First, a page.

Clinical and Research News
Pediatricians Logical Choice To Identify Depressed Moms
Psychiatric News
Volume 39 Number 8 page 66-69

Mothers of infants and small children welcome the opportunity to discuss their own mental health with the child’s pediatrician, including the possible need for referral to a specialist. Such a conversation, however, can happen only in the context of a trusting relationship.

Many mothers are fearful of being judged a bad parent if they acknowledge depression or other mental health problems, according to qualitative research published in the March Pediatrics.

"Despite the fact that mothers want to turn to their pediatricians to talk about stress and depression, they fear being judged," said study co-author Amy Heneghan, M.D., an assistant professor of pediatrics at Case Western Reserve University School of Medicine in Cleveland. "Our research shows how very important it is for the pediatrician and the mother to develop a trusting relationship so that she will have an opportunity to talk about things that cause family stress."

Forty-four women in seven focus groups of two to 12 members answered questions about parenting stresses, mental health and illness, and ways in which pediatricians might help them address concerns about their own mental health. For many mothers of young children, the pediatrician is the only health professional they see with any regularity, Heneghan said.

Heneghan said the sample was "purposive"—meaning that women responded on their own to an advertised request for mothers to participate in focus groups, and many may have responded because of stresses they were experiencing as parents. The average score on the 29-item Psychiatric Symptom Index for the participating women was 26.3 (scores over 20 reflect risk for depression).

Heneghan told Psychiatric News that women were generally receptive to being referred to a specialist, including a psychiatrist. But she said the women again expressed the need for such a referral to arise out of a trusted relationship.

A striking finding was the antipathy toward involving social workers, because of their association with child protection agencies—a sentiment that was common across all socioeconomic groups but was especially strong among poorer women.

"Mothers in lower-socioeconomic-status groups were particularly fearful of social work intervention, because they believed that primary function of medical social workers is to remove the child from the home rather than to act as a resource for help," according to the Pediatrics report.

These were among other themes that emerged from the study:

• Mothers believed in the importance of accepting responsibility for monitoring their own well-being and that of their child.

• Mothers expressed the need to share parenting experiences, stressors, and depressive symptoms with someone (most preferred to speak with family or friends rather than with their child’s pediatrician).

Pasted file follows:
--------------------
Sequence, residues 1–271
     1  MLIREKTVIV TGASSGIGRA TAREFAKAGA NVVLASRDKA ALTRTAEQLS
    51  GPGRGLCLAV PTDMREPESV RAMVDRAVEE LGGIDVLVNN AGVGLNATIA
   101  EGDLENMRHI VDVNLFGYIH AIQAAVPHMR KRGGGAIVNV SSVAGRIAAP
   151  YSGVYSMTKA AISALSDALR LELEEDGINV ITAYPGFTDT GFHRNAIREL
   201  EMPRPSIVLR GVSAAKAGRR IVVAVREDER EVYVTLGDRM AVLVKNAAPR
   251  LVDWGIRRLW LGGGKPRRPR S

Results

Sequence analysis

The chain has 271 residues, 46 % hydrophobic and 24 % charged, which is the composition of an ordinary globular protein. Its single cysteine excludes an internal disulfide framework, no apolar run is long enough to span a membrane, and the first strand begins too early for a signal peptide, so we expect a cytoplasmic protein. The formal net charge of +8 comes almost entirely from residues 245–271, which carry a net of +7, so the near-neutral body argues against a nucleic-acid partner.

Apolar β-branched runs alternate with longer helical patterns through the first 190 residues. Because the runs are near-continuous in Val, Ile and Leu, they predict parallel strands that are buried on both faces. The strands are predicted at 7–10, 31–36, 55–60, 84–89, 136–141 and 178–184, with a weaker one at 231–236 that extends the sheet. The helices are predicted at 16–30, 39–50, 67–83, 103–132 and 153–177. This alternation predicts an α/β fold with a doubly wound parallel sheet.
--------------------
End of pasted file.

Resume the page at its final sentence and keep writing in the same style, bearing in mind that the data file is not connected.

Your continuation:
• Open communication with a pediatrician who listens well was perceived by mothers in all groups as very important.

• Mothers expressed interest in receiving supportive written communication about parenting stress and depressive symptoms from pediatricians.

Psychiatrist Nada Stotland, M.D., said the attention of pediatricians to the mental health of mothers is key to finding cases of depression.

"They are at the pediatrician’s office anyway, talking about things they care about—whether the baby is sleeping, eating, and growing," she said. "If they are relatively healthy, they are going to be there much more regularly than they are at any other health care provider’s office. And when a mother’s depression begins to affect her functioning, she will still get that baby to the pediatrician. Certainly, it would be great if women were seeking out a psychiatrist first, but you’re talking about scheduling another appointment. Here you have a population of women at risk already in a doctor’s office."

At the same time, she wondered how many mothers actually have one consistent pediatrician that they see over a long-enough period to develop the kind of trusting relationship that mothers seek.

"Most people are in HMOs and large clinics, with all sorts of people handling their medical records," she said. "How would someone develop a trusting relationship?"

For the same reason, she said the concerns expressed by mothers about being judged a bad parent are far from surprising, and especially poignant in light of recent controversies surrounding privacy of medical records (Psychiatric News, April 2).

"We have mandatory reporting laws, and even as we have some kids suffering horrible neglect without the system taking care of them, we also have a system that has taken kids away without good reason," Stotland said. "The likelihood is small, but the way the human mind works, if the threat is awful enough—and there is nothing more horrible to a parent than losing their child—that fear is going to loom very large."

Heneghan said her research indicates the need for treatment approaches that view the depressed woman in the context of motherhood and family.

"Mothers with depression think of themselves as mothers first, women second, and depressed third," Heneghan told Psychiatric News. "We need to think much more expansively about treatments for subclinical and clinical depression that incorporates peer and family support, child and mother support programs, and pharmacologic and cognitive and interpersonal therapies."

The study was funded by the Robert Wood Johnson Foundation and the Children’s Research Foundation of Rainbow Babies and Children Hospital, Cleveland.

An abstract of the study, "Will Mothers Discuss Parenting Stress and Depressive Symptoms With Their Child’s Pediatrician?," is posted online at http://pediatrics.aappublications.org/cgi/content/abstract/113/3/460?.


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